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When the Scoreboard Lies

February 1, 2024
When the Scoreboard Lies

You may have heard of the famous UCLA basketball coach, the late John Wooden. He passed away at age 99 and is remembered (by all who know the sport) as the best college basketball coach of all time, building the greatest dynasty in sports. Any argument to the contrary is short-lived. He is simply known as “Coach.” He was famous for saying, “We play to win.”

But he also used to say that most people misunderstood what he meant. He did always play to win, yes, but winning was never the way he measured total success, nor was it how he gauged the success of people under his supervision.

He went on to say that for him, there is a standard that ranks above winning. He would never allow the scoreboard alone to be the judge of whether or not he had achieved success. Keep your head down, stick to the plan, and ignore the scoreboard. And I think this is really, really important in our business world.

Whether you’re a CSR, lead coordinator, service technician, salesperson, or whatever, you can’t just measure your entire success by the outcome alone, because the numbers can be misleading. Let me give an example.

Beginner’s Luck

I’ve seen situations where I’ve had a brand new salesperson who wasn’t very good at the process of selling, but they could sometimes go out on a call and get lucky by selling a $25,000 system. Does that mean that his process was good, that his sales presentation was good? Of course not. In this instance, he just got lucky.

And I’ve also seen it where very experienced, very qualified salespeople go out and do an amazing presentation, communicate tons of value to their homeowner, and guess what? They don’t get the deal. Does that mean they didn’t do a great job? Of course not. So we have to be very careful in sales and business.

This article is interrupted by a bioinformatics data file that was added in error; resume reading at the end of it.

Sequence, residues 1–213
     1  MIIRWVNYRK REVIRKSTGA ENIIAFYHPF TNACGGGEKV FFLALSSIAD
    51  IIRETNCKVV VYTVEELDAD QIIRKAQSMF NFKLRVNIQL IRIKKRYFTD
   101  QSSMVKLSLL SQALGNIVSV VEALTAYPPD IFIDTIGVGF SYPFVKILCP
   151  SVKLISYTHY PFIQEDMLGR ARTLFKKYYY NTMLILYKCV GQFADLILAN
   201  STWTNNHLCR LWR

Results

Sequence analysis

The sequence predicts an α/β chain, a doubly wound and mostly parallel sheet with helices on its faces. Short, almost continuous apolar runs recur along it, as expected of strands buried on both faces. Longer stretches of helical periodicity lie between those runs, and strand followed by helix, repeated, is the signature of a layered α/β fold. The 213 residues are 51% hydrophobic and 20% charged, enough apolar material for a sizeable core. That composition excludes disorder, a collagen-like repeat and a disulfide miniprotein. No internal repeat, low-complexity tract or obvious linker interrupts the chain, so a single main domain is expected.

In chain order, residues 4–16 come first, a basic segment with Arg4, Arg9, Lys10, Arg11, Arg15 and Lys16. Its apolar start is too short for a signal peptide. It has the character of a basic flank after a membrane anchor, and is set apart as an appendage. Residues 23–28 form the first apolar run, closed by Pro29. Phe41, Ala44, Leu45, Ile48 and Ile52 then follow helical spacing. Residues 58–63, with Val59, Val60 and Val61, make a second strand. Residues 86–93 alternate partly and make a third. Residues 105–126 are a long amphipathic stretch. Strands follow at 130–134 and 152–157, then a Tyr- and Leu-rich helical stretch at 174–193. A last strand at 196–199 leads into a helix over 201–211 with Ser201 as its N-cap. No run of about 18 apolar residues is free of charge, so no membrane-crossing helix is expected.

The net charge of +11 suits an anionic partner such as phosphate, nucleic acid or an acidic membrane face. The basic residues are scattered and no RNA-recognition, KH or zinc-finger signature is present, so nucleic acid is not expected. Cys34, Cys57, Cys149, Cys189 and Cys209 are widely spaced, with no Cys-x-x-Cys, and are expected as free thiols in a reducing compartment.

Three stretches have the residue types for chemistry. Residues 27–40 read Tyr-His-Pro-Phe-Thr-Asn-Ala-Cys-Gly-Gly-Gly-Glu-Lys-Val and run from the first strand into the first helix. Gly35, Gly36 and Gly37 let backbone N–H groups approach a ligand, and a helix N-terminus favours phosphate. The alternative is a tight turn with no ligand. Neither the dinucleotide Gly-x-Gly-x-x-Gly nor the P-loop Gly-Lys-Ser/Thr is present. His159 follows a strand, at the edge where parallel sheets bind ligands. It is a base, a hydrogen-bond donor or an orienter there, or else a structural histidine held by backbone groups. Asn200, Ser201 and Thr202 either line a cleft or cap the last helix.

The long-term outcomes are important, yes. And managers have to measure things like average service ticket and revenue per lead, close rates, that type of thing. But that’s not the only measurement — we have to focus on the one thing that we control, and that is our process. We always say, “We control the process; the homeowner controls the outcome.”

So that’s really important because if you only measure your success by whether or not you have a great outcome, you might do an awesome job on a sales call and then look at a bad close rate and scratch your head. Or maybe you didn’t close a particular deal, and you think you did a bad job. It’s just not true.

You have to evaluate yourself on your performance. How good are you at extending yourself emotionally and professionally to your homeowners? Did you serve them? Did you build great relationships? Did you perform thorough inspections and investigations? Did you take the time to explain the solutions and offer them to your homeowner? THAT is the process, and it’s the best yardstick for success.